We often find simplicity attractive. And yet we’re not quite sure why. Simplicity just seems naturally and immediately ‘nice’. This vagueness is understandable, but it means we have a dangerously weak hold on an important element of our satisfaction.
We often find simplicity attractive. And yet we’re not quite sure why. Simplicity just seems naturally and immediately ‘nice’. This vagueness is understandable, but it means we have a dangerously weak hold on an important element of our satisfaction. We want to get clearer about exactly why simplicity is nice and, therefore, want to track some of its most memorable examples in daily life; taking them apart to work out why simplicity should often prove so exciting, reassuring and plain moving. By knowing why simplicity is nice, we’ll get better at ensuring that it has a more active role in our lives. What follows is a short diagnostic of simplicity:
These pieces of crockery weren’t in any way expensive. But they are perfectly suited to their tasks. We wouldn’t want anything more for the evening’s soup and breakfast’s berries. Gold rims, flowers or elaborate motifs are superfluous. The crockery reminds us that we don’t need anything more which explains why these pieces are so reassuring: they are reminders of our capacity for modesty. It can too often seem as though only luxury and elaboration will satisfy us. But at root, most of our needs are pretty down to earth. The best simple objects remind us of this. They return us to a more basic sense of self we too often lose sight of. They soothe us with the idea that we have not drifted away from what is essential. The pleasingly white crockery is quietly teaching us a little lesson about contentment.
Stimulation, new ideas, dazzling information, bold plans – these used to be what we were short of. Now we are all drowning in them, they have become the enemy and we are rediscovering an intense longing for escape and calm. The blanket’s design is simple in the extreme, a repetition of an identical herringbone pattern, grey against cream, all across its expanse. Such a simple design might at one point, for some, have seemed ‘boring’. But nowadays, in the era of over-stimulation, it tends to come across as deeply gratifying. We need simplicity all around us as we’ve never done before, in order to be able to hear the important things inside us, the things you hear at night, once the roar of the city has subsided. Simple objects give us room to talk with the most important person we know, someone with whom we nevertheless rarely dialogue properly: ourselves.
We like simplicity because of the state of mind we can get into around it. When there’s less clutter and confusion, the mind can move freely. Simplicity is an antidote to distraction – and distraction is almost at the top of the list of things that undermine us now. When things are simple, you can give each thing the attention it needs – your brain’s not jumping from thought to thought. Monasteries were the West’s first large-scale deliberately ‘simple’ institutions, decorated with minimal clutter so as to keep the monks’ minds on important things. We may not now be looking to focus on God, but the priority of focusing on something remains. We may rightly long for secular equivalents to the monk’s room: bare places where the important things can emerge and be accorded the time they need.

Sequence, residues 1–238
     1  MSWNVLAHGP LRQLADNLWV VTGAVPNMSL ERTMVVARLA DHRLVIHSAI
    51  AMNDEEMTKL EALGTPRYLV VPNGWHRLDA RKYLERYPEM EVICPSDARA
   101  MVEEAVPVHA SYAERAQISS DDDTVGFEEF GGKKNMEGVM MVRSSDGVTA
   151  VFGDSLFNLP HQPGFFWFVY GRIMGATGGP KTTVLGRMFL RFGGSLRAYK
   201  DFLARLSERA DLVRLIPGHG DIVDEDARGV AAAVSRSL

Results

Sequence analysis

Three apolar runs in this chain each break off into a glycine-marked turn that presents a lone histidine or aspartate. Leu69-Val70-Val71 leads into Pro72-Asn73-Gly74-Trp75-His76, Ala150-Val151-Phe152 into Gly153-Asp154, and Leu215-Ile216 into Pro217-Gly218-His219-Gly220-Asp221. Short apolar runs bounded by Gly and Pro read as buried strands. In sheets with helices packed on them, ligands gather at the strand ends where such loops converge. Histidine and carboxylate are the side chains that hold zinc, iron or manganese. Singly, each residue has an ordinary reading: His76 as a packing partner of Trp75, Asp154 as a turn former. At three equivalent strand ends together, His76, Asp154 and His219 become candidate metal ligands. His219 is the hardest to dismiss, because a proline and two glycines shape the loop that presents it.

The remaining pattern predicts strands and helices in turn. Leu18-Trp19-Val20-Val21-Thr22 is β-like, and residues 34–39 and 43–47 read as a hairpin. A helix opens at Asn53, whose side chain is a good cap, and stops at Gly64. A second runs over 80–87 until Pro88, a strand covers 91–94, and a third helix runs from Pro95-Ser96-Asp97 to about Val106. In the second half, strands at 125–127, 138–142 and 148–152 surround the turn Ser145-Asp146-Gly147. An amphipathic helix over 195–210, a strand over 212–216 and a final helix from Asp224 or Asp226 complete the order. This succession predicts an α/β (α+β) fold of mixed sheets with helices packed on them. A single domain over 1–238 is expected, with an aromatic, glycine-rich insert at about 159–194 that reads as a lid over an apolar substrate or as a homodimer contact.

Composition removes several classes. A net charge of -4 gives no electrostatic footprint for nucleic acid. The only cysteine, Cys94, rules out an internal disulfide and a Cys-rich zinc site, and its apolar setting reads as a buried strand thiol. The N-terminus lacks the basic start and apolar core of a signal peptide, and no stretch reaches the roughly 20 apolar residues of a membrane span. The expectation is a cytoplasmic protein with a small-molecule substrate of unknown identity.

Benno Wissing was a Dutch designer responsible for the exceptionally simple signs that guide you around one of the world’s largest and most potentially frightening airports, Schipol in Amsterdam. We may not normally think of it in this way, but one of the things that simple designs are is kind to us. They are kind in relation to our tendencies to get confused, flustered and lost. When it comes to simple designs, behind the scenes someone has thought a lot about our needs. They’ve realised we might get in a temper or a panic. So they’ve worked out how to make help easy. They’ve stripped complexity back so as only to give us what is really useful. Like a very good teacher, they know that when we’re finding something difficult we can only take in a little at a time: the simple object knows we don’t need to know everything, only what will help us accomplish our goals. That’s an epitome of kindness.
It’s a nice idea we constantly forget: a small number of good things will satisfy us far more than a lot of low-grade stuff. We often get (to be frank) a bit greedy because we’re not quite getting what we want: our over-eating is a symptom of not properly quenching our needs. Simplicity means hitting the target. When you get the right things, you don’t have to take too much. The sight of a simple, very attractive thing – a fig for example – is a moment of hope. It suggests a bigger ideal. It’s not just lunch that could be like this. It hints at how good life could be, with more simplicity in it. We’d get more happiness out of fewer things: because they’d be the right ones.